Ever since the beginning of rock ‘n’ Roll, parents and teens have been at odds, whether the kid’s hair was too long, too short, or too purple. Add in undiagnosed learning disabilities or mood disorders, possibly an unreported trauma, and for some families, the teen years are all-out war.
The narrator of this self-published memoir, K.P., describes the power struggles with her parents, which cause her to run away and eventually end up incarcerated in a teen facility. These juvenile rehabilitation places were popular in the 80s, either sending kids to harsh wilderness camps or to “schools,” which were designed to break the kids down so the experts could “rebuild them.”
K.P.’s story takes place in a single year, her fourteenth, although the journal she was forced to write at the school provides glimpses into the precocious tween years that led her here. This book explores anxiety, depression, self-harm, drugs, domestic violence, and teen pregnancy. And there is always a troublemaking boyfriend somewhere in the mix, isn’t there? Parents tend to blame the kids’ music or social scene, when that is actually one of the few outlets they have. The real struggle ensues when parents try to take away their child’s only means of coping, which for K.P. is punk rock. Growing Wild is a study of troubled kids and families in turmoil from the perspective of the kid, rather than “experts in the field.” For some of us the story is eerily familiar, while for others, like school counselors, the story provides a much-needed lesson. K.P. is wise, funny, and insightful as she draws you into her world.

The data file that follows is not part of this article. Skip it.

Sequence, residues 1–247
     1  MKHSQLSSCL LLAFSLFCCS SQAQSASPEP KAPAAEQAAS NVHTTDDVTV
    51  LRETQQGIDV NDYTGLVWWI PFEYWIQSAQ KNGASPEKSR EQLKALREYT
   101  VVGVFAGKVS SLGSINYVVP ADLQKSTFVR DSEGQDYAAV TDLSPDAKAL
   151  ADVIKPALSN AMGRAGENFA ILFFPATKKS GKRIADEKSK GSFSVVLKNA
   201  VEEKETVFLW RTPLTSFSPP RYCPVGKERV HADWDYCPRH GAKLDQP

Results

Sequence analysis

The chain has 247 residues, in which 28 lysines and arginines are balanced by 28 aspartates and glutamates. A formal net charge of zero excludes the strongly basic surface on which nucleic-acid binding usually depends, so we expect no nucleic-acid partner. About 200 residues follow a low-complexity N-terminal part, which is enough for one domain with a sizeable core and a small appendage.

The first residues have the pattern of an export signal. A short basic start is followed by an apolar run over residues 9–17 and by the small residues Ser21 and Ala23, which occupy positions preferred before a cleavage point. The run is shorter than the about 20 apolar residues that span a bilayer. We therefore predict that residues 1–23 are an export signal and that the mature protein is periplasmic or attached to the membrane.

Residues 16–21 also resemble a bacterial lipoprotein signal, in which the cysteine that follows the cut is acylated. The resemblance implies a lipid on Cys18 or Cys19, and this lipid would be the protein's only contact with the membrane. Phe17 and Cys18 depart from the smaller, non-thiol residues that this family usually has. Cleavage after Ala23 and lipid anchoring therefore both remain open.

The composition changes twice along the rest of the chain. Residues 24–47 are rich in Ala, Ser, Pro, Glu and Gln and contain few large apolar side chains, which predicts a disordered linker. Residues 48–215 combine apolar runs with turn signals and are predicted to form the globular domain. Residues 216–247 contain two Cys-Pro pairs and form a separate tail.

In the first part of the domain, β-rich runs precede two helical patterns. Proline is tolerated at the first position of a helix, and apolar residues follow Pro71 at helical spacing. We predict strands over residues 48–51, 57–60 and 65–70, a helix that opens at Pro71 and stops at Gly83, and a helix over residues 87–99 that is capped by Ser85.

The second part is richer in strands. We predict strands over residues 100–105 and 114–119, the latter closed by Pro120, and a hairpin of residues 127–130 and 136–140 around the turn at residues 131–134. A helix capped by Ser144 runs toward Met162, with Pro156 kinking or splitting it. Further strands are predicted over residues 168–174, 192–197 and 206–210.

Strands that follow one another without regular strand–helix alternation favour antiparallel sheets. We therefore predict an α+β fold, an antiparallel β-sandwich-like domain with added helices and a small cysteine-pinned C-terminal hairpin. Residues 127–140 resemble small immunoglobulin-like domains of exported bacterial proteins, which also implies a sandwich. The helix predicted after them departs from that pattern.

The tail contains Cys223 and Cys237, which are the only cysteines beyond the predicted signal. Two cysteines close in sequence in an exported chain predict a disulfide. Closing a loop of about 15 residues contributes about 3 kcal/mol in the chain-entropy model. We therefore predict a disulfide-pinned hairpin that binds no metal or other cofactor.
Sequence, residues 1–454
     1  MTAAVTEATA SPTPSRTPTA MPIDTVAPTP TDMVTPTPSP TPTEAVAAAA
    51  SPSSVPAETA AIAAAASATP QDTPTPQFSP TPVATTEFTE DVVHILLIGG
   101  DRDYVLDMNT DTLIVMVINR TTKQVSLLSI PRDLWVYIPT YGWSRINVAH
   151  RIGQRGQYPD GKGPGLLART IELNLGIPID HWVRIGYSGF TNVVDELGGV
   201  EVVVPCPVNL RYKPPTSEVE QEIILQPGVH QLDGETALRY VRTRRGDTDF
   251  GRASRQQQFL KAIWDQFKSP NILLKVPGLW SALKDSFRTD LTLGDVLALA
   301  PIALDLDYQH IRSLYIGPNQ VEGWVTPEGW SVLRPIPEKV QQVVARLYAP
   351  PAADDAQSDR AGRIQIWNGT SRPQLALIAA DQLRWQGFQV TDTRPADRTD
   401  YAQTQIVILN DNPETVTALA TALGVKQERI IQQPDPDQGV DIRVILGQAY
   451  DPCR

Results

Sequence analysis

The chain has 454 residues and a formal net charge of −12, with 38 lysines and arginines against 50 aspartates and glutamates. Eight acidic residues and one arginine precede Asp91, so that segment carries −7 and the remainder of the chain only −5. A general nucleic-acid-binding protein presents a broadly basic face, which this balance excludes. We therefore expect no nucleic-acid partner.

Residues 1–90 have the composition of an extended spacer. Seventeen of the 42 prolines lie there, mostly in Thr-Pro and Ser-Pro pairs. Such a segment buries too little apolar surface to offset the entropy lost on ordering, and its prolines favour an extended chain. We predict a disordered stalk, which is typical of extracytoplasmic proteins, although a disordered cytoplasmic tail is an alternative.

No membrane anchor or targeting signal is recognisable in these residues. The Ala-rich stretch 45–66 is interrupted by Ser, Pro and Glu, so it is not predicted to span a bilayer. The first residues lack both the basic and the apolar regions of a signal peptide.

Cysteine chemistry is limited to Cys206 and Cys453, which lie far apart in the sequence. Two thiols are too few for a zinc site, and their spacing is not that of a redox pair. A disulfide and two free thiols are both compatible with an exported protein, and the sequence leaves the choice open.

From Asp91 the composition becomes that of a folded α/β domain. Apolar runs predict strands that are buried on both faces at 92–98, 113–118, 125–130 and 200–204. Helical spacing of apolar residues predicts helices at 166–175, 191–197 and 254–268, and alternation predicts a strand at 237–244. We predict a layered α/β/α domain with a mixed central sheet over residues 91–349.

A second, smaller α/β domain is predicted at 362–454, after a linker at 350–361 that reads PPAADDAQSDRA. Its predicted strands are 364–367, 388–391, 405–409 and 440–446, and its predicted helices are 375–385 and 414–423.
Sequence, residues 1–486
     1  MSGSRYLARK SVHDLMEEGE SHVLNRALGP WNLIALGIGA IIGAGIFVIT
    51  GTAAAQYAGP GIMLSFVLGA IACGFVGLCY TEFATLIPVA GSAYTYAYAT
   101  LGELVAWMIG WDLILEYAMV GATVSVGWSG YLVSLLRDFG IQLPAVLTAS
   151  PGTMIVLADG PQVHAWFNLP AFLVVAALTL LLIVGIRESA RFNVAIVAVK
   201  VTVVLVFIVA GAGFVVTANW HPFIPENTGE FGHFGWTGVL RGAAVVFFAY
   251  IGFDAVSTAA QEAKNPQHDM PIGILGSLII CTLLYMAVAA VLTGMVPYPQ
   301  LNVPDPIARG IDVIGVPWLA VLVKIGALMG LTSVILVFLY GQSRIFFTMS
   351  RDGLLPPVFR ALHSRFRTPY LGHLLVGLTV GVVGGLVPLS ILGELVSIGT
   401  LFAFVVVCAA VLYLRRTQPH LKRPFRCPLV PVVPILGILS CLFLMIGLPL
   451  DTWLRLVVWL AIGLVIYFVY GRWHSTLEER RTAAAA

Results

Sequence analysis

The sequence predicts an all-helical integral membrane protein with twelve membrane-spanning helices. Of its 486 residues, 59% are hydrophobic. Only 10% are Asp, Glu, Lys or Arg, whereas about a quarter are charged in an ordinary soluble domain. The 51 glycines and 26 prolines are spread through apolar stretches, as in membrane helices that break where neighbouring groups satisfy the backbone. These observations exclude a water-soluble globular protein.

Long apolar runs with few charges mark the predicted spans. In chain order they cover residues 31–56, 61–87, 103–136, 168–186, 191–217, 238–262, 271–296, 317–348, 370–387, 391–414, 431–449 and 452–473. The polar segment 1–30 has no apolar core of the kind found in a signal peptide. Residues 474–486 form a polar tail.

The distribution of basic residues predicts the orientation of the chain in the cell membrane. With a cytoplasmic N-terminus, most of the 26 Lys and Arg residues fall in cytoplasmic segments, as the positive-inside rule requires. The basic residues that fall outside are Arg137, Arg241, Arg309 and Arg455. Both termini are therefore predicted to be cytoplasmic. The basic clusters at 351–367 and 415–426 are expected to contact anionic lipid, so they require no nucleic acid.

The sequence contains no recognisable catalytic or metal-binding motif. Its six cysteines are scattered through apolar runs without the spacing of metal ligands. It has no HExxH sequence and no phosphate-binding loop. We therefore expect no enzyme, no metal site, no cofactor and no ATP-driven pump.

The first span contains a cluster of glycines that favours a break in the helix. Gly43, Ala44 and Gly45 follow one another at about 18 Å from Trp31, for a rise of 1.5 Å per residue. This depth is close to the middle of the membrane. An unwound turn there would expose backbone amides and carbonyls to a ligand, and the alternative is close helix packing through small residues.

In spite of the sturm and drang, the 189-page book is an easy read, often fun, and even funny. Who can resist the weird juxtaposition of adult problems with a youngster’s sense of logic? For example, “How many weeks detention would I get if my boyfriend O.D.s in my Dad’s van?”
Disclosure: K.P. is a former writer for The L.A. Beat.